Cricket: Sorry England, we take it all back

THE fun is over, Australia.

Remember the days when we could sit back and laugh in England's face, mocking its cricket team for constantly picking players born outside the motherland and still losing to us?

South Africa was, and still is, a breeding ground for some of the best talent to wear the Three Lions. Kevin Pietersen, Andrew Strauss, Jonathan Trott, Matt Prior, Jason Roy and Craig Kieswetter all come from the land of the Protea, as does recent Test debutant Keaton Jennings. The late Tony Greig rivals Pietersen as the country's most famous African import.

All-rounder Ben Stokes hails from New Zealand, as did former fast bowler Andy Caddick, and current Australian batting coach Graeme Hick was born in Zimbabwe. There are countless other examples we won't include because we want you to finish this article before 2018 rolls around.

But now we owe England an apology. We're heading down the same route.

With the announcement Zimbabwean-born Hilton Cartwright will make his Test debut in the third Test against Pakistan in Sydney starting on Tuesday, Australia will field four overseas-born players in the match - something we haven't done in well over a century.

According to stats guru Ric Finlay Australia has fielded five and six overseas-born players before, all the way back in the summer of 1876-77. But Sydney will mark the most foreign influence in our national side since then.

Usman Khawaja was born in Pakistan, opener Matt Renshaw comes from England, recalled tweaker Stephen O'Keefe originates from Malaysia and along with 24-year-old Cartwright, that makes four players born outside Australian borders.

All of those names have honed their skills in Australia, though, developing their games in state pathway programs and on our domestic scene. So we're happy to claim them as our own.

No longer can we sit on our high horse and make the gibe that all you need to play for England is a South African passport. We're internationalising our stocks, too.

Cartwright replaces Nic Maddinson - who managed a high score of just 22 in four Test innings - and will bat at No. 6 while providing support as the third seamer. Jackson Bird makes way for O'Keefe, who partners Nathan Lyon in the spin department on what is hoped will be an SCG pitch that favours the slow men.

The West Australian all-rounder's inclusion has divided opinion in cricket circles. In five first-class matches this season he's scored 330 runs at 36.6 and taken just four wickets at 74.75. He's played 16 first-class games in his career for a batting average of 44.5 and a bowling average of 41.93.

Former Australian fast bowler Rodney Hogg said the Australian selectors erred in not picking enigmatic all-rounder Glenn Maxwell for the final Test of the summer, especially with a tour to India coming up.

"This was perhaps a game where you should've picked him (Maxwell) to bat at six and be even your third spinner," Hogg told SEN radio on Monday. "It's an interesting one, it's an Australian team so you just don't give people the opportunity, but you're preparing for India.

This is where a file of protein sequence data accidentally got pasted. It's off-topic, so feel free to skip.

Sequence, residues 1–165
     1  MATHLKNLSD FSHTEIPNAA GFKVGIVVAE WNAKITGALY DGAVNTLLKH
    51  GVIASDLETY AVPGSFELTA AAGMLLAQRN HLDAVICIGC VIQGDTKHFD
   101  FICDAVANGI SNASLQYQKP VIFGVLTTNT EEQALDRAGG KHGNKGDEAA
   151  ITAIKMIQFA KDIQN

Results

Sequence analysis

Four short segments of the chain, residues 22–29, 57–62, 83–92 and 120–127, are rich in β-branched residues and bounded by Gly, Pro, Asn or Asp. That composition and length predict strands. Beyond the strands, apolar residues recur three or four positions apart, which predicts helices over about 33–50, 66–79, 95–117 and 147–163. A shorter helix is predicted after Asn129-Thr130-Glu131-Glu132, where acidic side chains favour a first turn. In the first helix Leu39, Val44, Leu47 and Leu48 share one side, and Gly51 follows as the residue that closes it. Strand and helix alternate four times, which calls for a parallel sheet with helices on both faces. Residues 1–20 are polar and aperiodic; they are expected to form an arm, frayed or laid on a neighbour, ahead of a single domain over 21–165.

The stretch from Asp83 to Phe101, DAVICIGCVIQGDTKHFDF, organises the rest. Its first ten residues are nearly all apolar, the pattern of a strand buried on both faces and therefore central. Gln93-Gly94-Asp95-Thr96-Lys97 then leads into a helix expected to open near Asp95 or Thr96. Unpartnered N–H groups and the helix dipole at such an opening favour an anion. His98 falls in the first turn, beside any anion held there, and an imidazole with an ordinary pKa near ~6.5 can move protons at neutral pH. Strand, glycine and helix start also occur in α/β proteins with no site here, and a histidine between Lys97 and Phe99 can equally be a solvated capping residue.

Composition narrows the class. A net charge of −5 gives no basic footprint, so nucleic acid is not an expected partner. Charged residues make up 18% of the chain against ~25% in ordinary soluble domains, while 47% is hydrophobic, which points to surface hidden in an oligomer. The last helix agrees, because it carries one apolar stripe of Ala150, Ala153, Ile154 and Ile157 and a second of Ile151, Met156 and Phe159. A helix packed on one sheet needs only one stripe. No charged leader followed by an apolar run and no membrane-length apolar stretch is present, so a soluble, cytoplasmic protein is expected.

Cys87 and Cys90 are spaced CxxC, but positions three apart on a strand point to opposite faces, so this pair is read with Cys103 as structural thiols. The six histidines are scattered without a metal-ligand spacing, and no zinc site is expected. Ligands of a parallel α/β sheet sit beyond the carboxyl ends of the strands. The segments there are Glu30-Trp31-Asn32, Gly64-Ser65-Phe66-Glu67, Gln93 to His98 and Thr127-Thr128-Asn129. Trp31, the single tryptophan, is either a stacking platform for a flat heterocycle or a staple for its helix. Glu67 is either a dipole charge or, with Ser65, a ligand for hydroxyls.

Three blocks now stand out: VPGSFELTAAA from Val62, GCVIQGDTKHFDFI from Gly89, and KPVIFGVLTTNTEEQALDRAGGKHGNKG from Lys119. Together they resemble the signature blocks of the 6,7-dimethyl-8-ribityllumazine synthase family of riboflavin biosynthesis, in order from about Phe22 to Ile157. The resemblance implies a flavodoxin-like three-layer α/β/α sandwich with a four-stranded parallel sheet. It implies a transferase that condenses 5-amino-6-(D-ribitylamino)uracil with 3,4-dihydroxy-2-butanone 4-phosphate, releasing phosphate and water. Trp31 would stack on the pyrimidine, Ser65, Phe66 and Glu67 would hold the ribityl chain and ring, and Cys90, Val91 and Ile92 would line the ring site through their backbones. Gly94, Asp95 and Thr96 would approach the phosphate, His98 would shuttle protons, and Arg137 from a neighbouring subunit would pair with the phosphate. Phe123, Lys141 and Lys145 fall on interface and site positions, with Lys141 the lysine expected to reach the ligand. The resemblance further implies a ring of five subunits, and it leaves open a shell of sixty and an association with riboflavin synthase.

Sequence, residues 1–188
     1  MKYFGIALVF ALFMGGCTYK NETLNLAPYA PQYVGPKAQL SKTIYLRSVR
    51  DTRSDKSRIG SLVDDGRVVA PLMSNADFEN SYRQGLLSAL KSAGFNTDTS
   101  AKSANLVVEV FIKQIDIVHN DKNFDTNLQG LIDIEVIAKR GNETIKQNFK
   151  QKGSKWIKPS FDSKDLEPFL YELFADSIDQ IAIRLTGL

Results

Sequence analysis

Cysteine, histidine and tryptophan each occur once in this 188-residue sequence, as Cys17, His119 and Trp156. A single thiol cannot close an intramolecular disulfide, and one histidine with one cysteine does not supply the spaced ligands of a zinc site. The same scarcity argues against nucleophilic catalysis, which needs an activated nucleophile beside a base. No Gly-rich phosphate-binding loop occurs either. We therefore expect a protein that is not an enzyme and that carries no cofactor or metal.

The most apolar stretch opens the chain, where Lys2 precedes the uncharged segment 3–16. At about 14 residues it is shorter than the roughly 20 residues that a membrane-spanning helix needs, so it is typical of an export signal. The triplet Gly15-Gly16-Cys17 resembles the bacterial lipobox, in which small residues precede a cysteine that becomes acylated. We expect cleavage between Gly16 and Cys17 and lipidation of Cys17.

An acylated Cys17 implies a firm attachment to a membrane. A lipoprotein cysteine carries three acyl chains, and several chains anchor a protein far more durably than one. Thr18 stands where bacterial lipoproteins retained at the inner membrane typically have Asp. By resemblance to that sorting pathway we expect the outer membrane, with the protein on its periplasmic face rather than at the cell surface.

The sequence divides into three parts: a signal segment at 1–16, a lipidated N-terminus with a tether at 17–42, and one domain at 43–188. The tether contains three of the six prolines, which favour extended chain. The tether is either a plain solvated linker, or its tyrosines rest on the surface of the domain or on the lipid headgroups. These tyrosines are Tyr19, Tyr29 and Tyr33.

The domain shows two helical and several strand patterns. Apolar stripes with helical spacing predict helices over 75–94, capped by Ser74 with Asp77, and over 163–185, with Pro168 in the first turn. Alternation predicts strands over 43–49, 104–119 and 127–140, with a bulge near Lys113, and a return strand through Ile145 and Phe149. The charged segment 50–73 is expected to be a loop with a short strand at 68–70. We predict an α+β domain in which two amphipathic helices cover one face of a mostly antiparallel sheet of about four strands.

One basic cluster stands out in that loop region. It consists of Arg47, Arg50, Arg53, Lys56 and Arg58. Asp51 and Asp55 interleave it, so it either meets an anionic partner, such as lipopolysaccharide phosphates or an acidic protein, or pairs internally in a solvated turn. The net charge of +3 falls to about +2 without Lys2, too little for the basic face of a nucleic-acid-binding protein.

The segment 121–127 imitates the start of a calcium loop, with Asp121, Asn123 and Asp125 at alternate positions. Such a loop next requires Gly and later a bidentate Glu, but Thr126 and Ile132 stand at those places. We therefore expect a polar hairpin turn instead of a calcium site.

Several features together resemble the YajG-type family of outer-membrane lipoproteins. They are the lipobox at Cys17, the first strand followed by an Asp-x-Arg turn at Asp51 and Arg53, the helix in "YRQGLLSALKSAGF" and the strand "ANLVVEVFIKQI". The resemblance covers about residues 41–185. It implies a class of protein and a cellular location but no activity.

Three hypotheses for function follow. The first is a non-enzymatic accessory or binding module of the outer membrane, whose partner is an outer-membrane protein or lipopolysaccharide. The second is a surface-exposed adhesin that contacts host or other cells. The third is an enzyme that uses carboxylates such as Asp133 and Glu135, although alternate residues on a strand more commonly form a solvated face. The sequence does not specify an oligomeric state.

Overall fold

"Maxwell can play spin and I would've had him in this Sydney Test match."

Hogg doubts Cartwright - who plies his trade domestically on the hard, bouncy WACA pitch in Perth - has the ability to play spin, so will be less helpful with the bat on the subcontinent.

Australia needs runs and wickets from Cartwright while Maxwell is desperate to return to the Australian fold.
Australia needs runs and wickets from Cartwright while Maxwell is desperate to return to the Australian fold. News Corp/Supplied

"Cartwright gets an opportunity. Interesting selection really in a sense we're two-nil up in this series, we go to India, so I'll bet my bottom dollar that Cartwright can't play spin," Hogg said.

"But if he gets runs up in Sydney people will say, 'You're a pretty good player, let's take him to India' and I don't think he's the bloke I would take to India.

"You might bat twice against (Ravi) Ashwin and (Ravindra) Jadeja coming in at No. 6 - mission impossible for a bloke from Western Australia who might be averaging 40 and played 16 first-class games.

"If Maxwell was coming in in that position you know he's the best we've got to be able to handle this situation. That's what you've got to prepare for when you're going to India."

Ricky Ponting came out recently and said Maxwell should definitely be on the plane to the subcontinent later this year, while his Melbourne Stars teammate Kevin Pietersen also backed the 28-year-old to display his best on the international stage.

But the Victorian has struggled this summer. He was left out of the Bushrangers' Sheffield Shield side to start the season on the back of a disappointing Matador One Day Cup campaign, then was fined for disparaging comments made about having to bat below his state captain Matthew Wade - a wicketkeeper - in the batting order.

He has two single figure scores and a 10 in five innings in the whites for Victoria in 2016-17 and has only registered one half century. However, he did guide his Big Bash franchise the Stars to a win in his first match with an unbeaten 58.



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